The stained glass is wonderful. York has more medieval stained glass than any other English church.  


The stone work around the East window is being repaired as is the huge window itself.  The window has been replaced by a photographic copy while they are repairing the glass.  The glass panels of this window are over 600 years old and many are in dire need of restoration.  From a distance the photographs make the window look real. 

The East end of York Minster, which is now three chapels, was completed in 1472 in the perpendicular style of Gothic.  The window contains the largest area of medieval stained-glass in a single window.  In the window is the work of glass by painter John Thorton from Coventry between 1405 and 1408. Many of John Thornton's stained glass panel depicts the beginning and end of the world according to Genesis, scenes from the Acts of the Apostles and the Book of Revelation.

A temporary structure, called the orb, has been built in front of the East window.  From a distance the backside looks like large ball, but from the front part of it is removed so you can walk inside.  Inside this structure can be seen at close range some of the world's most important medieval stained-glass.  You can stand right in front of the panel and examine every detail.  The panels are rotated monthly so the visitor can see the marvelous work of restoration.  Below are two examples that I photographed.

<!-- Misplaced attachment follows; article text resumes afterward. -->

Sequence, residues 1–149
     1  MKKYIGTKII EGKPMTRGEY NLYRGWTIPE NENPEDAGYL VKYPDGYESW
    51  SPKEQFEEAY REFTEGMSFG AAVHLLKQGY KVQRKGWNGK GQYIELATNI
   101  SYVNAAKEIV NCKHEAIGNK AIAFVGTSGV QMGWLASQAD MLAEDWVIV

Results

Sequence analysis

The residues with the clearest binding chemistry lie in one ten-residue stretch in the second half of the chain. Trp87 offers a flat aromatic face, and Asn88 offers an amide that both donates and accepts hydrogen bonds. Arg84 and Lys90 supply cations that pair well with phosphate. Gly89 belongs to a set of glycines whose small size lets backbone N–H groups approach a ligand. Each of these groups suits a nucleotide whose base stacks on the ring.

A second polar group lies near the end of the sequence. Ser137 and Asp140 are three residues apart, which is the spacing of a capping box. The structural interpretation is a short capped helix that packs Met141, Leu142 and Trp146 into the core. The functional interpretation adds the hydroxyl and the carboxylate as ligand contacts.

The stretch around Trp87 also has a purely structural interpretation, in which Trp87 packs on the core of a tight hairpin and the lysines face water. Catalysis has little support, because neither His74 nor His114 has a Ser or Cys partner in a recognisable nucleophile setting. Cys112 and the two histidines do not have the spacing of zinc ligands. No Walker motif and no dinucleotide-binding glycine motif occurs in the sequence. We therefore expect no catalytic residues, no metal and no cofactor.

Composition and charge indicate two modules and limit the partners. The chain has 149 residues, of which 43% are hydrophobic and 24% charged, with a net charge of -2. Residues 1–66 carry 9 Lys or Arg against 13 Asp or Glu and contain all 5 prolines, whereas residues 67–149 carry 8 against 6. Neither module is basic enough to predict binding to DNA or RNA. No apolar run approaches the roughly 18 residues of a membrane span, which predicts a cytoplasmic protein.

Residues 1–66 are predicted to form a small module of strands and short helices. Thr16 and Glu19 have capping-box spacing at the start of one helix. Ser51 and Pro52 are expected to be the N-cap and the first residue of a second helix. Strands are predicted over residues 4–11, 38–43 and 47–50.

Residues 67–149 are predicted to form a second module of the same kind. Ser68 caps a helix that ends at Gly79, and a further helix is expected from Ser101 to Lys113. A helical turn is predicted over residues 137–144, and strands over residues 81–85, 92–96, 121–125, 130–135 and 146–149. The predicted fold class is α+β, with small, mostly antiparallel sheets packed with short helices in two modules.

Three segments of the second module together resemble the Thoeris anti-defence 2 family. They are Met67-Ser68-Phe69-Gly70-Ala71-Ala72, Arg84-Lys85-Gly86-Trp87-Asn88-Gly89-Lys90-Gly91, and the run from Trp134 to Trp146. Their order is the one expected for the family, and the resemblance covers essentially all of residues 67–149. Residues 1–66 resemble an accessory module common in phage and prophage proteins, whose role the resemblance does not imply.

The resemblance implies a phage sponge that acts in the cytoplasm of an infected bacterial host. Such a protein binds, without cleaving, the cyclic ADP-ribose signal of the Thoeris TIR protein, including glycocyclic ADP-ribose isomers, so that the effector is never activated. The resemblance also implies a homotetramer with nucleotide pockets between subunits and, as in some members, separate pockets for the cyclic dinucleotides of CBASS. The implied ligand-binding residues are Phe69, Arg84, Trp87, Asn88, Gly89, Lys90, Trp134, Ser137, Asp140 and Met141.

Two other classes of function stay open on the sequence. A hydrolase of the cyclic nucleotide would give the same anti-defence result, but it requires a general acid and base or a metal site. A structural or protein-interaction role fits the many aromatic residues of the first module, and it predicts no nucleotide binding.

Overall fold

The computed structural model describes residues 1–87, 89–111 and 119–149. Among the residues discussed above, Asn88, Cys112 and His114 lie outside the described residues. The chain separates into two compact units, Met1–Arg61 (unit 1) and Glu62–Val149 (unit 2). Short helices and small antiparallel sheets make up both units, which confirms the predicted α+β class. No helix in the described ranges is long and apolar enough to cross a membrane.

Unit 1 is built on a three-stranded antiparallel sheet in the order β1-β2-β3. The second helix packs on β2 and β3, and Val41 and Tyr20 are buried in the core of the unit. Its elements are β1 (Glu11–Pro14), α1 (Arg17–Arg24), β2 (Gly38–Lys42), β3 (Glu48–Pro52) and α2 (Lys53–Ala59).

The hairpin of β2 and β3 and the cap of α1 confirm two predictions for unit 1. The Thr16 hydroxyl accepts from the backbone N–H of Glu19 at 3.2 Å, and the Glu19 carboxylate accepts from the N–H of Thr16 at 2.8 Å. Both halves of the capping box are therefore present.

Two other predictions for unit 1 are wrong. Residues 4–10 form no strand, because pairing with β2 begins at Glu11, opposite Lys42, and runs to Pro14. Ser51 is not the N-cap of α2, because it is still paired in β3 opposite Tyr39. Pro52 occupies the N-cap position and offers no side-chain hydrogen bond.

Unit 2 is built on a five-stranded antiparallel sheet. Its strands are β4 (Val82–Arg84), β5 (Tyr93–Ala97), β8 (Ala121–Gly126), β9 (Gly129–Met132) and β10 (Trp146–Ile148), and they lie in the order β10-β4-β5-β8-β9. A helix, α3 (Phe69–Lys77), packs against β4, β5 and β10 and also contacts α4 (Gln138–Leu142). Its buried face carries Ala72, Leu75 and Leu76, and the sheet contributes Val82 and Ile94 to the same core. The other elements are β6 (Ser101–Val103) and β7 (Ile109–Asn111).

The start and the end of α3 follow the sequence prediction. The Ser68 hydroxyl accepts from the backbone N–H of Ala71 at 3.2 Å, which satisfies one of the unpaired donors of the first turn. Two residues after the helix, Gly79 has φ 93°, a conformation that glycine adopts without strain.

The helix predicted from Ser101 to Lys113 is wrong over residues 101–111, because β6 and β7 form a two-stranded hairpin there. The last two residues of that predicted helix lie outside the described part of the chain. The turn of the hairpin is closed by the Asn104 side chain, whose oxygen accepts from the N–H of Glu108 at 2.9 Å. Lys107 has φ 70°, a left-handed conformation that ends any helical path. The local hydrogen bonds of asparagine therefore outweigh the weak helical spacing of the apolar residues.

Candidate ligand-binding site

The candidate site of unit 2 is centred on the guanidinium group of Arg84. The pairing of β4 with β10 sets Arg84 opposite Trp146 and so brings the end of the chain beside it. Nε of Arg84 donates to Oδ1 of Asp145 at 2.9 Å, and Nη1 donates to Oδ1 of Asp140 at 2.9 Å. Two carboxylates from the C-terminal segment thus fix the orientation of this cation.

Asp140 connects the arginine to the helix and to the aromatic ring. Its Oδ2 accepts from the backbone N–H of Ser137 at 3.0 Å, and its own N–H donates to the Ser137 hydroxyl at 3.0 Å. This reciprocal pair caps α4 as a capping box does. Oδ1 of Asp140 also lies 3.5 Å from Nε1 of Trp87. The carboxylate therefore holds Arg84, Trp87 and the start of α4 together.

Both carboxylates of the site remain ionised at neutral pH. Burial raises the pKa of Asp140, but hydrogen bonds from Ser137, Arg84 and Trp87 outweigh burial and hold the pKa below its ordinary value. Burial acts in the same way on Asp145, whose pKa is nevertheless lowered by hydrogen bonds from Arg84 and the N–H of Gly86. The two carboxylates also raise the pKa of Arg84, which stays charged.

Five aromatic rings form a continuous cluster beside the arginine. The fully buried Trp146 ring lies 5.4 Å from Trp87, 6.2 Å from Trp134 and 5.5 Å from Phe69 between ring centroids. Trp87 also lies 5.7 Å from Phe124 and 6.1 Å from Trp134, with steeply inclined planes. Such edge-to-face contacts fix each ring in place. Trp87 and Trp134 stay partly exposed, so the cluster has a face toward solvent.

The beast makes war with the saints- Revelation 13 In this scene John Thorton as a group of figures on the right of the panel being attacked by the seven hooded beast.  One figure is caught in the creatures claws, and others are bitten by two of the small heads.

The next panel is called the seven churches from Revelation 1:20.  What John Thornton portrays in this scene is St. John being told by an angel to write to the seven churches of Asia about his vision.  John Thorton's design is unique as it combines all seven churches in one image.  Each church is represented by an archbishop standing in a shrine – like canopied building.  



 Another unique set of stained-glass windows cover the entire wall of the north transept.  The window called, The Five Sisters, is made of “grisaille” glass fashionable in the thirteenth century England. Grisaille or Cistercian glass was typically formed by painting complex foliage patterns on pieces of white or silvery grey glass. The pieces were then formed into strong geometric patterns with the skilful use of the lead cames that hold the pieces together, the lead being as integral a part of the design as the glass. Each of the magnificent lancets stands 53 feet tall and is 5 feet wide. In total the window contains over 100,000 individual pieces of glass.

Why is it called The Five Sisters? There are numerous theories as to how the window became known as The Five Sisters. The earliest reference to this name appears in Francis Drake’s “Eboracum” published in 1736. Charles Dickens, in Nicholas Nickleby, tells an elaborate tale of five sisters, who on the death of one sister contracted a window to be made in the Minster as a memorial.